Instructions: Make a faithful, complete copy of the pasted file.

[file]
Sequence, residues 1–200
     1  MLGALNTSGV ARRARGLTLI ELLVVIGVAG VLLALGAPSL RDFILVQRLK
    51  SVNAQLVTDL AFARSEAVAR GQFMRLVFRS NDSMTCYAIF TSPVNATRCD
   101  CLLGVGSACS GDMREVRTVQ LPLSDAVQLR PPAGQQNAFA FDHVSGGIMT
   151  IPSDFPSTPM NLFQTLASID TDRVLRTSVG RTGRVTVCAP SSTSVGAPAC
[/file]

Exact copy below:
Sequence, residues 1–200
     1  MLGALNTSGV ARRARGLTLI ELLVVIGVAG VLLALGAPSL RDFILVQRLK
    51  SVNAQLVTDL AFARSEAVAR GQFMRLVFRS NDSMTCYAIF TSPVNATRCD
   101  CLLGVGSACS GDMREVRTVQ LPLSDAVQLR PPAGQQNAFA FDHVSGGIMT
   151  IPSDFPSTPM NLFQTLASID TDRVLRTSVG RTGRVTVCAP SSTSVGAPAC